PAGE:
Lee Zimmerman is a nice guy who didn’t finish last (column) | SummitDaily.com

Lee Zimmerman is a nice guy who didn’t finish last (column)

Cindy Bargell
Mountain mom musings

Twice last week, at two separate events, I was on my feet to applaud and thank a man who certainly has made his mark on Summit County. Typically one to shun fanfare, the farewells to Lee Zimmerman as he moves on after serving eight years as the Summit Foundation’s executive director are peppered with references to his humility, his capacity to listen, his compassion and his generosity. Basically, he is one nice guy. Rest assured however that Lee did not finish last. In fact, he’s far from finished, I’m certain, but is just moving on from one chapter to the next, and we wish him well.

In addition to guiding the Summit Foundation through some stormy seas during the recession and helping identify initiatives that have impacted literally hundreds of lives, Lee also leaves us with a more subtle lesson. He personifies why nice guys can do just about everything, finishing included, best.

Thinking about his legacy made me ponder several things, including the origin of the old maxim that nice guys finish last. According to my handy Wikipedia, the phrase is attributed to Leo Durocher, the colorful manager of the New York Giants baseball team. The quote was paraphrased from a 1946 interview in which Durocher pointed out that the “nice guys” on the Dodgers baseball team, the Giants’ bitter rivals, were knocking on the cellar of the National League. While Durocher initially didn’t make the statement quite so bluntly, he did little to play down the sentiment. He later explained, “I never did say that you can’t be a nice guy and win. I said that if I was playing third base and my mother rounded third with the winning run, I’d trip her up.” Not sure what his mom would make of that.

The sports context, the rivalry and the unique personality don’t really translate when the phrase is relied upon today, sometimes to justify less than pleasant behavior. Durocher, who died in 1991, later made it clear he did not condone being “mean” as the alternative, but rather that he relished the players who were unfailingly relentless. Kindness and humility, however, are not mutually exclusive from being passionate, fierce even. Lee has been unfailingly relentless in finding ways to “improve the quality of life for residents and guests of Summit County and Neighboring Communities.” After all, it’s the mission statement of the Summit Foundation, and what has driven him for the last eight years.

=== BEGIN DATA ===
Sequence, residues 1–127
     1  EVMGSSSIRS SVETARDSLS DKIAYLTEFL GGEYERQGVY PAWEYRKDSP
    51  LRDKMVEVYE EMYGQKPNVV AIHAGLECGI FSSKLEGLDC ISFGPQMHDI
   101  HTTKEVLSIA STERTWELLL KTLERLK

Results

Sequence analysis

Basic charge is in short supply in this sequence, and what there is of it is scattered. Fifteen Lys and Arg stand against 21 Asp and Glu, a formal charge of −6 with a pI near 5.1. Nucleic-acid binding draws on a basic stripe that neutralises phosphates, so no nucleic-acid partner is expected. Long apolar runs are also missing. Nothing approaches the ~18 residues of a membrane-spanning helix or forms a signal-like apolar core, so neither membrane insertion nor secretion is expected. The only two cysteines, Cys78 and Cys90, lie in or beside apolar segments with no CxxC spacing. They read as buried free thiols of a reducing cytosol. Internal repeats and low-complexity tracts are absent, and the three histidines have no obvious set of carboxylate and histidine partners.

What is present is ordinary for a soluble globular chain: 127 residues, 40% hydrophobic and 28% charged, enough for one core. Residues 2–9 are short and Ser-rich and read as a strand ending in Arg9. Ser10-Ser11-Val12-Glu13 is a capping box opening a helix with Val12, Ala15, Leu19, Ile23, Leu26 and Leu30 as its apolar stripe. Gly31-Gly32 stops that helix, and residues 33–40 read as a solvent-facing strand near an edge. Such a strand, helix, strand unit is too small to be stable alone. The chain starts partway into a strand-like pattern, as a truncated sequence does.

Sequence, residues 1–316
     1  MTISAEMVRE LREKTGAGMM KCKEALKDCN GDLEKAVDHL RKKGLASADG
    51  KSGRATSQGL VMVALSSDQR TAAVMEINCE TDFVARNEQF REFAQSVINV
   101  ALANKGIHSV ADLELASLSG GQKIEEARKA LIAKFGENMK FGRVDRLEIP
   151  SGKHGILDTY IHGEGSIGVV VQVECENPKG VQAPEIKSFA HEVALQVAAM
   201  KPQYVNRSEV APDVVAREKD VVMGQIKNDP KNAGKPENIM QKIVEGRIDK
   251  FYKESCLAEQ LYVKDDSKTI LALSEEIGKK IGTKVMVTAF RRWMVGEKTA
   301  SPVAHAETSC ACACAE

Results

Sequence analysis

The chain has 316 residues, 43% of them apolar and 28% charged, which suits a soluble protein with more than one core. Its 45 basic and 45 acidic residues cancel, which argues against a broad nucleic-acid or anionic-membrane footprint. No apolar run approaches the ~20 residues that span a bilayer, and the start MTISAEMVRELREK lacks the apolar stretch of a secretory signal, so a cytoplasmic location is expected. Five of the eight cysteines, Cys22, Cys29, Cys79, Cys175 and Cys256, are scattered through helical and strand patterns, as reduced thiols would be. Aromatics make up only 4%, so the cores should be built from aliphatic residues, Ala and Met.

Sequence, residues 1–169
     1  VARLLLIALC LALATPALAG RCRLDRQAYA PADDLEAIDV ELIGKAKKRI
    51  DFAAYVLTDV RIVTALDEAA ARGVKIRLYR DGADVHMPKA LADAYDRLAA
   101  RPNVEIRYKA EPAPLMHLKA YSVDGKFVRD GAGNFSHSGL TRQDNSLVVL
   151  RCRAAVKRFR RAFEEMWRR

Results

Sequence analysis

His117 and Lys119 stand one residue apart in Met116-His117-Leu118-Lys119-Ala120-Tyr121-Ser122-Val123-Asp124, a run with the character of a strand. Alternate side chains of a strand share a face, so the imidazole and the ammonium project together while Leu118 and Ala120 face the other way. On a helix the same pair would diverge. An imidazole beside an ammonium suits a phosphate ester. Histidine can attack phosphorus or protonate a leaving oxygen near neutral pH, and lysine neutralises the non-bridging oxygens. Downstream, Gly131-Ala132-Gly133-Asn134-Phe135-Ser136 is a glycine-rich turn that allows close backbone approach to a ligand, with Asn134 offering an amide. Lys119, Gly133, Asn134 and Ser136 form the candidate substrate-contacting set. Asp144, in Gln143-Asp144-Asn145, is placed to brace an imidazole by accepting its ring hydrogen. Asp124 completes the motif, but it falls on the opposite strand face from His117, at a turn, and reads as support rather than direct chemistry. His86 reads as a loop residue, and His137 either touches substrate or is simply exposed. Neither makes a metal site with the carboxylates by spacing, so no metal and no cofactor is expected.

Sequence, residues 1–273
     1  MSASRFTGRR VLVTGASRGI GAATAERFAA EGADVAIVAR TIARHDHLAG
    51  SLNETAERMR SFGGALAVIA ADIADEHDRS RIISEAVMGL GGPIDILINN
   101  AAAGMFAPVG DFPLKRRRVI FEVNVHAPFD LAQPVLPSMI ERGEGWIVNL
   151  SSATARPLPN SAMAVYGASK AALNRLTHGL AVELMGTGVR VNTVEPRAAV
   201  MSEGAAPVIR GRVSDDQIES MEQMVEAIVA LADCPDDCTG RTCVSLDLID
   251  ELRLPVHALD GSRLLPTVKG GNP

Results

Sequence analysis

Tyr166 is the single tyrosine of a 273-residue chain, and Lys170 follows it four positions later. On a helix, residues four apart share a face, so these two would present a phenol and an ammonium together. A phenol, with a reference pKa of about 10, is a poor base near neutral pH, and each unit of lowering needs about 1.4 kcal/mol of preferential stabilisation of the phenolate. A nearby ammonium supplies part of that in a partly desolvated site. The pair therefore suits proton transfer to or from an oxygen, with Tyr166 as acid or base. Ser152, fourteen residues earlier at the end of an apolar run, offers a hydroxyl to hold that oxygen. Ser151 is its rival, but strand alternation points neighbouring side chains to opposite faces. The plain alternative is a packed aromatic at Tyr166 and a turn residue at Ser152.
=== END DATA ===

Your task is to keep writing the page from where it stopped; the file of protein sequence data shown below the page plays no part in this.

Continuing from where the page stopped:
In 2014, the foundation celebrated its 30th anniversary, and as if to punctuate the point gave away nearly $2 million in grants and scholarships. Sure, lots has changed in Summit since 1984, the year the first Apple computer was released; but like Apple, the generosity of the community has been on an upward trajectory, with nearly $21 million reinvested in Summit over the last 30-plus years. Led by local ski areas that donate hundreds of ski passes that generate nearly $1 million in revenue for the foundation annually, the sum is staggering, something that Summit should be proud of. It is nice — really nice.

Molly Griffith, who heads up the Pre-Collegiate Development Program at Summit High, recalled at one event Lee’s insight about why the program works. He shared with her that, “One of the most important things that we have done is to create a common culture for these students through shared experiences. This has given students the expectation that they can and will succeed in education.”

The vision of a shared culture of success — winning, that is — has translated into the many aspects of our community touched by Lee, and the foundation. Thanks, Lee, for showing us that nice guys finish best, and for inspiring a whole lot of folks along the way.

Cindy Bargell is an attorney and mom who lives outside of Silverthorne with her husband and two daughters. She welcomes your comments at Cindy@visanibargell.com.


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